any time. By 26 weeks, 27% required an aid. There was a
small increase in risk of requiring a walking aid at 26
weeks in the water-based group (OR 1.2, 95% CI 0.5, 2.9).
However, this was not signicant on chi-square test.
Adverse events and complications.One patient died of
a cardiac event that appeared to be unrelated to rehabili-
tation treatment (the event occurred over the weekend
between the second and third treatment sessions). Thirty-
two patients experienced 34 complications during the year
and 18 of those complications occurred after discharge
from acute care (Table 2). Six patients were readmitted to
the hospital; 4 of the 6 required manipulation under anes-
thetic, 1 had a deep surgical site infection, and 1 had a
documented hemarthrosis.
DISCUSSION
This is the rst randomized trial comparing land-based
and water-based therapy after TKR. The value of water-
Figure 3. AC,Western Ontario and McMaster Universities (WOMAC) Osteoarthritis Index subscale
scores (n85), andD,visual analog scale (VAS) pain score for land-based (circles) and water-based
(triangles) rehabilitation groups at 2, 8, and 26 weeks after total knee replacement surgery.A, WOMAC
pain. ***main effect for time, 8 and 26 weeks combined2 weeks;P0.001.B,WOMAC stiffness.
***main effect for time, 8 and 26 weeks combined2 weeks, and 268 weeks;P0.001.a
interaction effect (time-by-group) 8 vs. 26 weeks, improvement greater in water-based group;P0.02.b
group effect, water-basedland-based;P0.038.C,WOMAC difculty (function). ***main effect for
time, 8 and 26 weeks combined2 weeks, and 268 weeks;P0.001.ainteraction effect (time-by-
group) 8 vs. 26 weeks, improvement greater in water-based group,P0.04.D,VAS pain in operated knee
over preceding 24 hours. ***main effect for time 8 and 26 weeks combined2 weeks;P0.001.
**268 weeks;P0.01.
188Harmer et al

based therapy is particularly interesting since this treat-
ment is associated with comparatively high in-house op-
erational costs. Patients in the 2 groups improved equally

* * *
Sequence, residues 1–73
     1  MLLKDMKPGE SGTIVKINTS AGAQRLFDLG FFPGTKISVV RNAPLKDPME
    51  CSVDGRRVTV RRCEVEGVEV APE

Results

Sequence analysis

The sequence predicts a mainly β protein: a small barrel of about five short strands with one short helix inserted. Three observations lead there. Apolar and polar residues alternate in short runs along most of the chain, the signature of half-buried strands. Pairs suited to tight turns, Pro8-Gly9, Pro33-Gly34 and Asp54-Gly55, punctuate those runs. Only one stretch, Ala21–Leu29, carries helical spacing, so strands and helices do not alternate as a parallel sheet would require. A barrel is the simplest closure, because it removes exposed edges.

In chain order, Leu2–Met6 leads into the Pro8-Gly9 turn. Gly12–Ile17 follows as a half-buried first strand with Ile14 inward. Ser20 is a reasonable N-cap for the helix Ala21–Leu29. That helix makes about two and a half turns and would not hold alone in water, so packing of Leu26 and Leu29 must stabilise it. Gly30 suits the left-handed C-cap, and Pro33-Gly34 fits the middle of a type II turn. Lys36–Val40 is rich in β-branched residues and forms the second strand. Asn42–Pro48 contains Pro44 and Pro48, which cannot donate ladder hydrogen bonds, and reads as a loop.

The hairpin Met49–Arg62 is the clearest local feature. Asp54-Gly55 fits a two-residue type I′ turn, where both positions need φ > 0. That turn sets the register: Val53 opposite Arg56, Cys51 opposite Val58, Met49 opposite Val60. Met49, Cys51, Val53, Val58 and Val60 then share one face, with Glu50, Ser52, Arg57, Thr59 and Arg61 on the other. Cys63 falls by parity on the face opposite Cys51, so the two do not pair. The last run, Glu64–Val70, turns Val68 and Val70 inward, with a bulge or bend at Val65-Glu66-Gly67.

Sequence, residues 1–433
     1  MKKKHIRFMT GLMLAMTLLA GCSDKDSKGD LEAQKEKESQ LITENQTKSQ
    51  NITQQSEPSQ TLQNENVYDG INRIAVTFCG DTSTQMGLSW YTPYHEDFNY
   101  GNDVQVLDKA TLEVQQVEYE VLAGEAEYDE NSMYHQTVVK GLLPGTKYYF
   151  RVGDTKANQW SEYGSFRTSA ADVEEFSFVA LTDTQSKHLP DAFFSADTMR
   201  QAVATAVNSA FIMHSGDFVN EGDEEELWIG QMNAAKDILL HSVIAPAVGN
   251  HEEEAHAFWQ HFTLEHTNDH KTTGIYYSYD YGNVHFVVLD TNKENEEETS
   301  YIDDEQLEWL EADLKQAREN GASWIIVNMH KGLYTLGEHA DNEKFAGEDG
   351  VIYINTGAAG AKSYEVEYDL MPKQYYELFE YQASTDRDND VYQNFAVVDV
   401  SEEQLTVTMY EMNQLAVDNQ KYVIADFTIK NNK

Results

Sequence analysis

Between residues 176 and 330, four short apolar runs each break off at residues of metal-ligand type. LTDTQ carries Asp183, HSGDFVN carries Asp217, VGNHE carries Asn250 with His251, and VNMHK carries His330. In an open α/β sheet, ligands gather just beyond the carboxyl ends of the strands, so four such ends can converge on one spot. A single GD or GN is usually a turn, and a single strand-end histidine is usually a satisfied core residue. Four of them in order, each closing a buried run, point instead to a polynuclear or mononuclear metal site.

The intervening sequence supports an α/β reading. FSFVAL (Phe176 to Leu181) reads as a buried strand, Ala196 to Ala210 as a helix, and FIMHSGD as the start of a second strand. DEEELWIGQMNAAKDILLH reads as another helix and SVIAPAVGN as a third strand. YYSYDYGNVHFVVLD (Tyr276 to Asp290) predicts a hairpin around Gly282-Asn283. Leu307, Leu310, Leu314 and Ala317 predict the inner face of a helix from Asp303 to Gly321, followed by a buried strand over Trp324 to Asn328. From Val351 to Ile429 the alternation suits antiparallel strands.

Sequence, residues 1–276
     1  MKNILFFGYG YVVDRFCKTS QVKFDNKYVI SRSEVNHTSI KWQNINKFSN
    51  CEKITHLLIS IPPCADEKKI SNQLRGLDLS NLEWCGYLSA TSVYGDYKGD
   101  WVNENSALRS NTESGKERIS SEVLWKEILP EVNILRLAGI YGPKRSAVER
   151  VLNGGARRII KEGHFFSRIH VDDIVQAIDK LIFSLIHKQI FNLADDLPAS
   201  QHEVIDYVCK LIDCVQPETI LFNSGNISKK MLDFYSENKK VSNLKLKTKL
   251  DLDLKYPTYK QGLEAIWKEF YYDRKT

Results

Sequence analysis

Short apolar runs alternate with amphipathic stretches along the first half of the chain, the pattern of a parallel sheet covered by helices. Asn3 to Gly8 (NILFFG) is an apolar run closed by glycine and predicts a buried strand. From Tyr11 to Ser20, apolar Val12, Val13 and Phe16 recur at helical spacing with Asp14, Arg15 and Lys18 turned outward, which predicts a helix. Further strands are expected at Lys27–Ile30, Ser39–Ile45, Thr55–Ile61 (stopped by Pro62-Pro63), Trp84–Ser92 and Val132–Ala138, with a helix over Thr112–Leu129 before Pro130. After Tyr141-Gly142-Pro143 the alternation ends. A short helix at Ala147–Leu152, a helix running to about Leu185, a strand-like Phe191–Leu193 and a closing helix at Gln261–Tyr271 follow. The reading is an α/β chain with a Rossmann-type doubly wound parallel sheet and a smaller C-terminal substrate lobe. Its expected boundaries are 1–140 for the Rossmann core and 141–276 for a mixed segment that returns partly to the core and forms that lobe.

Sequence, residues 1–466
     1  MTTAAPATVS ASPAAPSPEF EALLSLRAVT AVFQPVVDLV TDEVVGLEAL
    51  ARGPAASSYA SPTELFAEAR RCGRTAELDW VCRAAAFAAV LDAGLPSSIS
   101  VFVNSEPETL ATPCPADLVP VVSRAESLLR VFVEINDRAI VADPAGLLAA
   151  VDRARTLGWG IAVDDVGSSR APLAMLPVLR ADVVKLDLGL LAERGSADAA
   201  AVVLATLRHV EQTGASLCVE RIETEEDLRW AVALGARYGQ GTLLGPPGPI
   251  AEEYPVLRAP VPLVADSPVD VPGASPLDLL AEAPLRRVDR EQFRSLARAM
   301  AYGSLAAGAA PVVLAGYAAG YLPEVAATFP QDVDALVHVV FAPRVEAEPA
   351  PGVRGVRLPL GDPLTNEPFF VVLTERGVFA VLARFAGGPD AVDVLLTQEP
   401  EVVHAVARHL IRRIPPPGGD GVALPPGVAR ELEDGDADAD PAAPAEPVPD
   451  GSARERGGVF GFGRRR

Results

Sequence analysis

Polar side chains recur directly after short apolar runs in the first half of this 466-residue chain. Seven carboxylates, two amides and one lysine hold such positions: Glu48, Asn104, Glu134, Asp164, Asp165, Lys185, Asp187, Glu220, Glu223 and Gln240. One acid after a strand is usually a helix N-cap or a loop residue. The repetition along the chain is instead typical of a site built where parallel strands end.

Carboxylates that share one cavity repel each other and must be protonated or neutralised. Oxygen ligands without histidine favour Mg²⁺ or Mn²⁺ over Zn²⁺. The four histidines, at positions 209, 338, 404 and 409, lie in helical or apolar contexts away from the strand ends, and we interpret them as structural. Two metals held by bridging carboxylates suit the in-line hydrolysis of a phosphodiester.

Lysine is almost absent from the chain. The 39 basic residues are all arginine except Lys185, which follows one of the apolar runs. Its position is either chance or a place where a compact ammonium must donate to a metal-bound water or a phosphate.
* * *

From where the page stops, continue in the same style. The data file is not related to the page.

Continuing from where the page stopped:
well in most outcome measures with few apparent between-
group differences. Therefore, neither mode was clearly
superior to the other. Contemporary health care relies
heavily on cost-neutral service enhancement, therefore if
water-based therapy cannot be provided without higher
underlying costs, patient access to this medium may re-
main limited to facilities already utilizing onsite pools for
multiple purposes, facilities supported by user-pay sys-
tems (such as private hospitals), or facilities in close prox-
imity to community-based pools.
Exercise after TKR is effective in improving function
(17,26) and in our study, land-based and water-based ex-
ercise programs were associated with comparable im-
provements in timed walk distance, joint pain, and rangeof motion, immediately after the program and up to 6
months postsurgery. Improvements were also evident in
stair climbing power, stiffness, function (difculty), and
edema, albeit with minor between-group differences. Re-
sults of the 6-Minute Walk test at 26 weeks were similar to
those achieved in other trials of land-based therapy after
TKR (26,27) and approached that (448 meters) of age-
matched controls (28). However, SCP results were below
those of a comparable age-matched, mobility-limited co-
hort (284 watts) (20). Our cohorts knee exion range re-
mained well below age-matched controls (143) (29) at 6
months postsurgery but was consistent with other ranges
of post-TKR cohorts (26,30 32). This may affect the po-
tential for further improvement in the WOMAC difculty
subscale, as could the presence of severe other extremity
or lumbar dysfunction (33). To date, there are no pub-
lished Australian age-matched normative data for
WOMAC outcomes. However, our patients reported low